CRISPR/Cas9 and Gene Editing in the Classroom: An Interview with Dominic Mao
Interview by Eugene Oh
The prospect of editing a human's genes has long captured the minds of both scientists and non-scientists alike. The exponentially increasing interest and controversy of CRISPR/Cas9 gene editing technologies has expanded out of the laboratory into the classroom, the courtroom, and even political arenas. To gain more insight into how students are taught about this controversial topic, Associate Editor Eugene Oh conducted an interview via email with Dr. Dominic Mao, the Assistant Director of Undergraduate Studies in Molecular and Cellular Biology as well as Chemical and Physical Biology at Harvard University. He also teaches MCB 60: Cellular Biology and Molecular Medicine, an introductory biology course with an enrollment of around 150 students, several of whom could move on to deal with CRISPR/Cas9 and gene editing in their careers. One of the first topics that Dr. Mao teaches in the course is an in-depth discussion of the scientific and societal implications of the technology.
Eugene Oh (EO): Could you briefly talk about what CRISPR/Cas9 is and what the different applications of this technology are?
Dr. Dominic Mao (DM): CRISPR/Cas9 is a mechanism present in many prokaryotes (bacteria and archaea) that protects them from invasion by foreign DNA. The CRISPR component of the CRISPR/Cas9 system can be thought of as a sort of a database containing files that are ‘mugshots’ of invading DNA. These mugshots are short sequences captured from the foreign DNA of prior failed invasions stored in the genome for easy recognition in the future. Cas9 is a modular component of the system that associates with the mugshot sequences and cuts DNA that matches the mugshots. Thus, subsequent invasions by any DNA sequence already represented in the database will be specifically targeted and terminated.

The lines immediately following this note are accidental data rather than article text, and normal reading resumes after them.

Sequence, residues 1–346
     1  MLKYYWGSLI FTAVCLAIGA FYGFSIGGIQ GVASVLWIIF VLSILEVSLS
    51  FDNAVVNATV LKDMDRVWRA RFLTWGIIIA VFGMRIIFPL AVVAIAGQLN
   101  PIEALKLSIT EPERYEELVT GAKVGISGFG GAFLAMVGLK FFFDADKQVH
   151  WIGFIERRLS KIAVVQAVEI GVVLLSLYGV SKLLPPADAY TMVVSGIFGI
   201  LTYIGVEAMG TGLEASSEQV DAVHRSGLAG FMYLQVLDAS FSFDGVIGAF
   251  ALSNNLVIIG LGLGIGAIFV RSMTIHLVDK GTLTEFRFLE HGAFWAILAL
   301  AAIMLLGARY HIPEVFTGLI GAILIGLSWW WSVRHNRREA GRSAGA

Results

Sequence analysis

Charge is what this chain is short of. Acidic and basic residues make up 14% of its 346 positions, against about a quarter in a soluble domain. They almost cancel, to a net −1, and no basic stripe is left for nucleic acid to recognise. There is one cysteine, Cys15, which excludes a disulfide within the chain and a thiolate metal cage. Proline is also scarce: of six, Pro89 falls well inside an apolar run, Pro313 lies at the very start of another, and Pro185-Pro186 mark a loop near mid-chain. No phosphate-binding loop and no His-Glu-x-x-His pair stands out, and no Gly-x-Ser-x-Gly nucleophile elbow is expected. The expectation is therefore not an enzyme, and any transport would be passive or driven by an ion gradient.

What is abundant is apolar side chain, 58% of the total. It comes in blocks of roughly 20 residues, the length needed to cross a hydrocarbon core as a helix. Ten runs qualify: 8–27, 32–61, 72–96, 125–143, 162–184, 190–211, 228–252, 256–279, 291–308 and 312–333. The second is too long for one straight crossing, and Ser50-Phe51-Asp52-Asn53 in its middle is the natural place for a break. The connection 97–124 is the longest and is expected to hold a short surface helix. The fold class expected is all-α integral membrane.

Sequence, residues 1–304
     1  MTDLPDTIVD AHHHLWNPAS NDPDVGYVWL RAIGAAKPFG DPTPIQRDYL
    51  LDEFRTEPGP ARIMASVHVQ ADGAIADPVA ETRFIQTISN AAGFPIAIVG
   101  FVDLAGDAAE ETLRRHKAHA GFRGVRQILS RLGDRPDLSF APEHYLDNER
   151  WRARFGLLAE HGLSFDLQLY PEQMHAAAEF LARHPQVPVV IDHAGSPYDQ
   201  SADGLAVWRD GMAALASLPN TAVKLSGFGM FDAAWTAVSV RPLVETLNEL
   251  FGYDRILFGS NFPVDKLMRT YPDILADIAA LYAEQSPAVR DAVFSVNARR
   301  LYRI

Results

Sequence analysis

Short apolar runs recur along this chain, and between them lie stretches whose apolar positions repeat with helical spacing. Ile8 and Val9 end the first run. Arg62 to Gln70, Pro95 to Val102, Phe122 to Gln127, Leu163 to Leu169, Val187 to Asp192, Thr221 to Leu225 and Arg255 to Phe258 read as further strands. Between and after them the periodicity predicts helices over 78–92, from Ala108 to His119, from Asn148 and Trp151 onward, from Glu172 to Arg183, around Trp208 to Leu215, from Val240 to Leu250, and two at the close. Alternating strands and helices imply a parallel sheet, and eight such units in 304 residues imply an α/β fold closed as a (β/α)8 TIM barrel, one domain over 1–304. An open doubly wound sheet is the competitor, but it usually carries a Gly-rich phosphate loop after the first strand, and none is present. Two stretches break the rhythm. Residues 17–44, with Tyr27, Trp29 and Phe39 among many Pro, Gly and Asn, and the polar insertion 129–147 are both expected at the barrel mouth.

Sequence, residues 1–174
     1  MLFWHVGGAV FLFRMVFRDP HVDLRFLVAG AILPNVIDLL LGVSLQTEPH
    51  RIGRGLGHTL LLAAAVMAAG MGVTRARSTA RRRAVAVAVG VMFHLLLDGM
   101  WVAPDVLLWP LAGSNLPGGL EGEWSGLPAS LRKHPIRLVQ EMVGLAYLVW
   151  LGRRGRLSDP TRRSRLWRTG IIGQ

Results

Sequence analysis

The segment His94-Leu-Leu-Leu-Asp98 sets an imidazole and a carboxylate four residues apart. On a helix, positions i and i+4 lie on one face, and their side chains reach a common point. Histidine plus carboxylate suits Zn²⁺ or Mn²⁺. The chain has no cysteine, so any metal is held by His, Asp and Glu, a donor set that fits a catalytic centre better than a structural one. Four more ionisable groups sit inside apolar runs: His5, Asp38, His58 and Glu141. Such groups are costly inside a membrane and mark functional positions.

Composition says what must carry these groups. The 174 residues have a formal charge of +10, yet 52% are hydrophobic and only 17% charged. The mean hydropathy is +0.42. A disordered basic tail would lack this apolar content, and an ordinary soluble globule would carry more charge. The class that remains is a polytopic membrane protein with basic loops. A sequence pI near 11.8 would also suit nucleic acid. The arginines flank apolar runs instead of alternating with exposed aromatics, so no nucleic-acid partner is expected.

The discovery of how CRISPR/Cas9 works in microbes led to efforts to develop it as a tool and apply this mechanism into other organisms. There are many applications of CRISPR and all of them have the common theme of using the capability of easily combining an engineered sequence of choice with Cas9 to direct it to a specific location in genomes as defined by the sequence. This ability to send Cas9 (modified versions of Cas9 with other features have also been developed) to specific sites is used to edit the target DNA or modulate the expression of genes.
EO: Knowledge of and research on CRISPR and Cas9 have been around since as early as 1987. Why is this technology becoming so popular and so controversial at this point in time?
DM: There are two aspects: elucidating the biology of CRISPR/Cas9 versus using CRISPR/Cas9 as a tool. The understanding of the biology of CRISPR/Cas9 started as observations of a peculiar genomic feature of unique sequences (named spacers) interspersed by repeat sequences, which we now know as the CRISPR array. Although this feature was first reported in 1987, it took several years before the associated Cas genes were identified and the role of the system as a prokaryotic adaptive immune function was identified. Arguably, the popularity of CRISPR/Cas9 can be attributed to its application as a tool in various capacities, which is a more recent development. The lag in CRISPR/Cas9 becoming popular is because the function and mechanistic details were being worked out. Only once the mechanism was elucidated could scientists make significant progress in repurposing the system for specific applications.
The buzz surrounding CRISPR/Cas9 especially in the popular media has been mainly about the ramifications of using the technology for human gene editing. Such conversations are important and essential in carefully assessing every emerging new technology that has potentially broad societal impacts. A few of the opinions are highlighted in a question below.
EO: You teach an introductory molecular and cellular biology course to undergraduates at Harvard, and CRISPR/Cas9 and gene editing is one of the first topics you introduce. What makes this an important topic to teach in an introductory biology class?